The Interview - Paul Lawrie: Lack of recognition the major obstacle as a champion does his best to be the best

The last Briton to win the big one is seeking the right balance. Andy Farrell meets a golfer coming to terms with his obsession
Click to follow
The Independent Online

When Paul Lawrie holed a three-iron at the 17th hole during the final round of The Open Championship at Royal St George's in 1993 it caused momentary panic in the Radio Kent outside- broadcast van. "Tell us about Paul Lawrie," was the not unreasonable question to the so-called expert.

No notes, no reference books; a few bare facts were dredged from the memory. Lawrie was only in his second season on the European Tour. He was a friendly young Scot from Aberdeen who had won the Under-25s Championship the year before. His wife, Marian, had joined him on Tour and was caddieing for him. He had met Doug Sanders, the man who so nearly won The Open in 1970, through Sanders' World Juniors competition at Royal Aberdeen.

Later, when Lawrie was shown on the television playing the 18th hole, a slightly less reasonable question was posed. "You were telling us about Paul Lawrie, tell us a bit more." The uncomfortable radio silence that followed must have made it obvious that this aghast observer had exhausted his knowledge.

Of course, the CV has filled out since then. A first European Tour victory arrived in 1996, with four more following, including the Dunhill Links at St Andrews in 2001 and the Wales Open last year. He played in the Ryder Cup at Brookline in 1999 and was the joint top points-scorer. But he booked his place in the history books by winning The Open at Carnoustie four years ago. If it was an amazing victory at the time, it is even more amazing that no British or European golfer has won a Major championship since. Yet, as he prepares to return to Sandwich for next week's Open, just how well do we know Paul Lawrie?

There is no real mystery. Lawrie is the most straightforward of men. He is a family man, still living in his home town of Aberdeen. He plays golf, is rather good at it, and loves practising. In fact, early last week he was reeling from the news that he should practise less. "I have probably been working too hard," he said. "I wanted to get into the top 10 in the world, that is what I said I wanted to do, and I assumed I would have to work harder in order to achieve that.

"But according to my coach and the people around me I should be working less. I need to be sitting on my arse and watching television more. I don't tend to be someone who sits around watching TV. It's not easy for me. Even on a week off I'll be working five to six hours a day. I have always thought the harder you work, the better you will be. Perhaps it is a little obsessive, but that is how it is for me."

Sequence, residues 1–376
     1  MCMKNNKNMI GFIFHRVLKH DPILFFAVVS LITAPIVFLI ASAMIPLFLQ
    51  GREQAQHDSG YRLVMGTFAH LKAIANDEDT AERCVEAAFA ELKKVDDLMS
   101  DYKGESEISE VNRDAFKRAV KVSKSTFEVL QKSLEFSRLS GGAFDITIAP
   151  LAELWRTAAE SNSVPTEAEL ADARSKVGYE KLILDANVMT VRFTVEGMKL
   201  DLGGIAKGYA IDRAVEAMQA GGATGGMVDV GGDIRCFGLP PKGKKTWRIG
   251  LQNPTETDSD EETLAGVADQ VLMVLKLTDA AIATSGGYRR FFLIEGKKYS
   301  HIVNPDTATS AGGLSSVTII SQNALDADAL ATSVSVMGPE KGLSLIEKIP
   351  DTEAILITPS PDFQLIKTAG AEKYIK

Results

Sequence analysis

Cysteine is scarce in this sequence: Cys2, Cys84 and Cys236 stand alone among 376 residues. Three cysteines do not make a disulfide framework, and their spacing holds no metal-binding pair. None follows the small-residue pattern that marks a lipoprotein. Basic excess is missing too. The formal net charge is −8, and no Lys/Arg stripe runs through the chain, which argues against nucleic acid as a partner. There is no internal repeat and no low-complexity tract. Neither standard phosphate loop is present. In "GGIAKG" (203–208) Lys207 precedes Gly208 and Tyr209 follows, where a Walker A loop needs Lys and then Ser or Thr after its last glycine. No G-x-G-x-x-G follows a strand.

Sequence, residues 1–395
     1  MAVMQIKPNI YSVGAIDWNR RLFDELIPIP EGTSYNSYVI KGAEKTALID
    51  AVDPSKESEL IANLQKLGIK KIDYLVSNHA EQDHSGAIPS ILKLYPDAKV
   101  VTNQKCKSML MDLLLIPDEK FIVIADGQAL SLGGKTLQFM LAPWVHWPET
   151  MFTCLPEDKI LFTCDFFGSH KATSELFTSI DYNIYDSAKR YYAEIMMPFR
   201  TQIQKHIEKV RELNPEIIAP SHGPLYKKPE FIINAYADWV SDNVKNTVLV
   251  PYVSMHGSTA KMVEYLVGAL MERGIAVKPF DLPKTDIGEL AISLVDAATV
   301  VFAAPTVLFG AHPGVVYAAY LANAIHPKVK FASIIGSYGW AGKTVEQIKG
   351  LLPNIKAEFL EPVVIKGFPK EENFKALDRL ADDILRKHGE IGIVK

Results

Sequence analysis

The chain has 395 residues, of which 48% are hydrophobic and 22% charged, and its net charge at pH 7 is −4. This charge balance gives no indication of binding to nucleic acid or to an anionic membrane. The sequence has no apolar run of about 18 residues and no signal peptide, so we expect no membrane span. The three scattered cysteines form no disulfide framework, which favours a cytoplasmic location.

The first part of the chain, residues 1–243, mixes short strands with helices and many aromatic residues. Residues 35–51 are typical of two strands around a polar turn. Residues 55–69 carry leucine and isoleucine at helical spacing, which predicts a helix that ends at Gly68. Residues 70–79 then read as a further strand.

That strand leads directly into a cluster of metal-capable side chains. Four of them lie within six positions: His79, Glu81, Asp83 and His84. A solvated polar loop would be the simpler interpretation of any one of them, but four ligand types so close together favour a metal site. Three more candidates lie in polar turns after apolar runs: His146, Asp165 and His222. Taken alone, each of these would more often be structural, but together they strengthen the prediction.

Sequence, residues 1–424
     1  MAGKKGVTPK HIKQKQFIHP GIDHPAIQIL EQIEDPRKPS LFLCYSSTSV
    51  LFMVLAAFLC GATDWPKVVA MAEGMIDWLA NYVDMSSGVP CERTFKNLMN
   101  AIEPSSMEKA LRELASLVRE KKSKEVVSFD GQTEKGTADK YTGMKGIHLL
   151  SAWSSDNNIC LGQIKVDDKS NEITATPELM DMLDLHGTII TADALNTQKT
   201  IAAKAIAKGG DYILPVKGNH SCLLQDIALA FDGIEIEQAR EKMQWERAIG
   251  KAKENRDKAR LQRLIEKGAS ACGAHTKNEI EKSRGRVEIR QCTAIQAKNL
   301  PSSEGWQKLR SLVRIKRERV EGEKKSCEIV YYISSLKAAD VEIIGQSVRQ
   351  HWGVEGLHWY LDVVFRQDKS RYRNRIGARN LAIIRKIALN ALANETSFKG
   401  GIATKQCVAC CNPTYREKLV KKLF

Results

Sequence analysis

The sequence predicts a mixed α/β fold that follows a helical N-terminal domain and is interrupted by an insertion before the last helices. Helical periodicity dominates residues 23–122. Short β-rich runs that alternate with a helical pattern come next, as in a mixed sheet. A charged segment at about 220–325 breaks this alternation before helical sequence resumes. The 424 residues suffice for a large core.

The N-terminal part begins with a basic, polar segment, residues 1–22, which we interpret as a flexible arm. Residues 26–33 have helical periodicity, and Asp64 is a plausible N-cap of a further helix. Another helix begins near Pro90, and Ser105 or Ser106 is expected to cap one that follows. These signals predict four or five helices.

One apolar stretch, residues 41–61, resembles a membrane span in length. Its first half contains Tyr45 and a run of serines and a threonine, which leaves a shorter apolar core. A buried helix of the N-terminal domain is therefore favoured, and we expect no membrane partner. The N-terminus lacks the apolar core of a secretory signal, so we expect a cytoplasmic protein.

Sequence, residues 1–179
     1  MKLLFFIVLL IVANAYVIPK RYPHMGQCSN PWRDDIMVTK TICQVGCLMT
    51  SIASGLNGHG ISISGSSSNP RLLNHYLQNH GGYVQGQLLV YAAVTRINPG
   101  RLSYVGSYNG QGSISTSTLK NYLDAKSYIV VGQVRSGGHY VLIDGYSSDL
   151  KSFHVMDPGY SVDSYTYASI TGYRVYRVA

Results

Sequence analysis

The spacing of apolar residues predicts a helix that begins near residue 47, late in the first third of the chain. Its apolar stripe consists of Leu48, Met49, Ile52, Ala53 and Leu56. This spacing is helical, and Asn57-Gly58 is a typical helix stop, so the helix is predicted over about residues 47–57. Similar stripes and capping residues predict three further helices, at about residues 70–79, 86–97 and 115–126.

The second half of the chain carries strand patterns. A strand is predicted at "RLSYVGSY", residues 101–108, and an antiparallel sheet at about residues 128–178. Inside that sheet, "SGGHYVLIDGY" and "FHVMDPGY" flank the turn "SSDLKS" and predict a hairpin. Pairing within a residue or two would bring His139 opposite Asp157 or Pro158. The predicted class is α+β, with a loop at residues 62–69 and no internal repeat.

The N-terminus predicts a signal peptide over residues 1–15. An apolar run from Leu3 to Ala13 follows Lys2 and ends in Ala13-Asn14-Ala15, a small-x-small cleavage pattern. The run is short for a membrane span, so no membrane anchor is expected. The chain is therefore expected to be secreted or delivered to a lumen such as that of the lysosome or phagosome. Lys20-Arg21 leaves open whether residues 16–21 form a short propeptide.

The reassessment came from his coach, Adam Hunter, with whom he has worked since before winning The Open, and Alan Fine, a sports psychologist he met last year. "Alan sees me working hard on the physical side of things, but not working enough on the mental side. That's fair enough, fair comment. If I step up that side of things he is in no doubt I can become the player I want to become. That's what I'll be concentrating on for the next year.

"Part of it is simply chilling out. It is difficult to think that by not hitting balls you can become any better than anyone else. But the guy watching the telly is actually fresher than I am after all the hard work. It's finding the right balance.

"Then I need to be less hard on myself while I'm playing golf. I am very critical, and I was talking about that with Darren [Clarke] when we were playing together recently. He said we were very similar. We were both fantastic players, we've got all the shots, but it is our patience that lets us down. I've chatted with Thomas Bjorn as well. He is another who has all the talent but maybe doesn't always get the best out of his golf.

"It doesn't matter where you hit it. That's the thing. Just put the club back in the bag and go and find it. All that matters is what score you write down on the card. When Lee Westwood was at the top of his game he was brilliant at that, and when I'm playing well that's how I am. But when I start to struggle, I start to get frustrated. Look at [Bernhard] Langer, he's the best. Whether he has hit a good shot or a bad shot, his attitude does not change."